I quickly figured out what I thought was the only reason that they shut down the Kennedy Hotsprings trail. It was littered in Old growth downfall. Being stubborn I skinned up under and over numerous trees at even using the roll technique once or twice.

    It wasn’t long before I ditched the
    trail and made my way up a creek. With a few good handholds and some veggie belays I made it work.

    Calling it a night on the north side of Glacier peak watching the sunset and Kennedy and Shimitar glaciers.

    The next morning I woke up and started skinning up the Kennedy Glacier. My thoughts were to skin up to the summit and make a lap but that’s when I saw the Ermie Glacier from the North Col.

    It looked to good to pass by so I ripped my skins and rode 2000 feet of boot deep pow before skinning back on my down track back up to the col.

    I followed the north ridge up to the summit proper in the early afternoon and took in the views for a while. Later I found out Scott Mcalister was crushing it up on Bonanza that day and here I was staring at it for hours on end.

    From the summit I descended the Schimitar Glacier 3,500 feet down to within a hundred foot bootpack of camp.

    From my vantage point I could see clouds heading up the valley so decided to head back up to the Ermie Glacier hoping to get cover from the storm on the northwest side by hiding on the northeast side.

    That night I made a mistake and dug a snow pit to sleep in not thinking that the snow was loose particle snow. When the winds picked up I got buried in my bag while I was sleeping. It sucked but I learned from the ordeal. The only thing I lost was my GPS.

    Without a GPS I decided the safest move was instead of bushwhacking in unfamiliar terrain head to the south side which I was familiar with. I rode down the east face of Glacier Peak down the Chocolate Glacier and skinning up to Dissapointment Col. I had been at the col numerous times before and from here I could make my decision of which way to exit.

    As I got there the clouds rose to the base of my camp. I was sitting on the shores of a sea of clouds and rested pondering my options. My hope was to descend the west face but if it didn’t soften up I would have to go south down the White Chuck glacier over Red Pass and out the North Fork of the Sauk hoping after 9 miles of road skinning someone would pick me up and bring me to my car.

    Sadly by noon the next day the west face didn’t soften so I was off towards Red Pass.

    While amazing the south side felt more like nordic splitting

    It was a trip looking back up at Glacier peak knowing I was on the south col just a few hours earlier.

    At Red Pass I decended down towards the North Fork trail but by the time I hit the creek I was a bit upstream from the trial. I decided to skin up 100 feet and ride all the time heading downward. Finally hitting the trail by my 3rd transition.

    In the end I covered more than 70 miles. I called it the Abandoned Traverse because every trail leading to Glacier Peak is Abandoned.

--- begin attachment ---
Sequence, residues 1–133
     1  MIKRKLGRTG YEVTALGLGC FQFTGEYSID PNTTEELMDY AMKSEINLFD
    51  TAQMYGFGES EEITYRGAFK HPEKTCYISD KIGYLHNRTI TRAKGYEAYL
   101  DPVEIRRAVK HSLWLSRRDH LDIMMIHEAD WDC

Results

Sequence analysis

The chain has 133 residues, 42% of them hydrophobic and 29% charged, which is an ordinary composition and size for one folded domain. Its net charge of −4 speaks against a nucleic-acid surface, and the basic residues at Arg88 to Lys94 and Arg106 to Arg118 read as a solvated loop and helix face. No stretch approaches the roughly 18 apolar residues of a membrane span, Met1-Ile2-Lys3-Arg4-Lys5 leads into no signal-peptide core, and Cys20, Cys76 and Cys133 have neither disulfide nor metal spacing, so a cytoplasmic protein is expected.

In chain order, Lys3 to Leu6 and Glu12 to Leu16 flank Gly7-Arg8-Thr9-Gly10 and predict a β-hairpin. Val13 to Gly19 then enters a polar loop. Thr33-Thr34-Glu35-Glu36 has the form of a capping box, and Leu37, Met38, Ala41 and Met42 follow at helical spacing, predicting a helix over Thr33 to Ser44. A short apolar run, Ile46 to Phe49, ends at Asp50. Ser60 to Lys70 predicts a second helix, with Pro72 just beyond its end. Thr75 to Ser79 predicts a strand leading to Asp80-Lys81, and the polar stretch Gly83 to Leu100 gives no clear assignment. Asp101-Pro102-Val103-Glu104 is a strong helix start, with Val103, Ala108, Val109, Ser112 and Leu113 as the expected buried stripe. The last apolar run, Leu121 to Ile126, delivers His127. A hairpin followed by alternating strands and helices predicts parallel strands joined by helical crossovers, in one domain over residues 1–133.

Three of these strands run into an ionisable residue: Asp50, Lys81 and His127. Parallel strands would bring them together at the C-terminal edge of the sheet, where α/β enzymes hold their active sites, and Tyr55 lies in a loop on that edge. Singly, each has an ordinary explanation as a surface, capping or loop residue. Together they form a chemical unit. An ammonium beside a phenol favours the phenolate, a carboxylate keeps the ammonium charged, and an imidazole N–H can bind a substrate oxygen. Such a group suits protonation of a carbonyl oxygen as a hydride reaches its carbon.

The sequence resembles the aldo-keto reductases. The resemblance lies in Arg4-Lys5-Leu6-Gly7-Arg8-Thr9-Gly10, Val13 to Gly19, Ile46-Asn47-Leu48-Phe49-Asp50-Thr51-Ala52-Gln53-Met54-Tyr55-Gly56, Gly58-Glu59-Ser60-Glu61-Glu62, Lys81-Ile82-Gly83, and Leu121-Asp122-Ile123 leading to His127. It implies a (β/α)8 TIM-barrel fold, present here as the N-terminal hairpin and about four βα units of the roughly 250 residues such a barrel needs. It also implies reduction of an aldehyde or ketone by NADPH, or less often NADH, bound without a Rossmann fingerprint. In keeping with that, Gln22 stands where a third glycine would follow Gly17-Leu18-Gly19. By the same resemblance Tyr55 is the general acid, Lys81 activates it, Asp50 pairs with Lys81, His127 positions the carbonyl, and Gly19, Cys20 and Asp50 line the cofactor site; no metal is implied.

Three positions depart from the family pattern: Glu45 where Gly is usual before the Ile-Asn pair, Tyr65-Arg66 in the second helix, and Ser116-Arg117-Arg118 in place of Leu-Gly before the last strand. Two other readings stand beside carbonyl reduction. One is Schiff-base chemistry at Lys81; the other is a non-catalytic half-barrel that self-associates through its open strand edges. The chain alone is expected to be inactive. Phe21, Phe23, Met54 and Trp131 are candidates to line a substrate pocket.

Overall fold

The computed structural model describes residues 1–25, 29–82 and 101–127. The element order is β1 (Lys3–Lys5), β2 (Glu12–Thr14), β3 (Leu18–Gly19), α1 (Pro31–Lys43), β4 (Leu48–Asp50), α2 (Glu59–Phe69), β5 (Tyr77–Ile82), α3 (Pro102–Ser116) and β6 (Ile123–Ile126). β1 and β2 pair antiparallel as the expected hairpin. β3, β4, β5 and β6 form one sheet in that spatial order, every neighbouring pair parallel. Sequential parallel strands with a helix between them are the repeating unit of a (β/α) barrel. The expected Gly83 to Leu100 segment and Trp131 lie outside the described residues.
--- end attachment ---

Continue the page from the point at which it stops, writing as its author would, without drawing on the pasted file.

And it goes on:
Amazing pics and write up Kyle! Thanks for sharing.


    Awesome Kyle! You’ve been killing it. I can’t wait to see the stuff from NZ.

    I wish I could have been along for more of your adventures, hopefully sometime in the future.

    C balke

    Soo Good! I love hearing about your travels! I’m sure it’s not always a glamorous lifestyle but keep it up, such an inspiration to all of us.


    This thread is the best.


    Thats a hell of a season Kyle! The stories are inspiring. The Glacier traverse must have been an experience. I haven’t done anything 1/3 that length! I look forward to riding with you guys again.


    Sweet! Nice Kyle

    Question for you PNW’ers: Why are no splitters going after the N Face of Mt Fury??? That is the sickest, proudest, most aesthetic line I’ve laid my eyes on in the PNW (well, photos at least)
    Get on that shit you pussies!!! 😉


    You truly are an inspiration.

    Beautiful photos, amazing experiences. Thank you for sharing!

    Kyle Miller

    @BGnight wrote:

    Sweet! Nice Kyle

    Question for you PNW’ers: Why are no splitters going after the N Face of Mt Fury??? That is the sickest, proudest, most aesthetic line I’ve laid my eyes on in the PNW (well, photos at least)
    Get on that shit you pussies!!! 😉

    3 day approach through insanely complicated terrain and that is just to get to the base of it. To say it is sketch is an understatement.

    Thanks for the kind words everyone. I truly feel fortunate to follow my passion

    and with that………..


    In the beginning of April we had another break in weather so I met up with Scott and we hatched up a plan. Back to North Fork Bridge Creek and more importantly Goode. With the opening of Highway 20 we went up and over the southern shoulder of Black Peak.

    After a few hours of bushwhacking there he was the north face of Goode.

    We went to bed in the valley and got up early with plans to just check out conditions.

    The crazy thing about Goode is that it is about 5,500 feet of fall line.

    With crazy Cascadian fluting.

    We made it to the base of the NE col couloir. A few years prior we had climbed it and were unhappy with conditions, dropping the backside and skinning around 30 miles so we had a history. We decided we would check conditions and turn back when we became uncomfortable.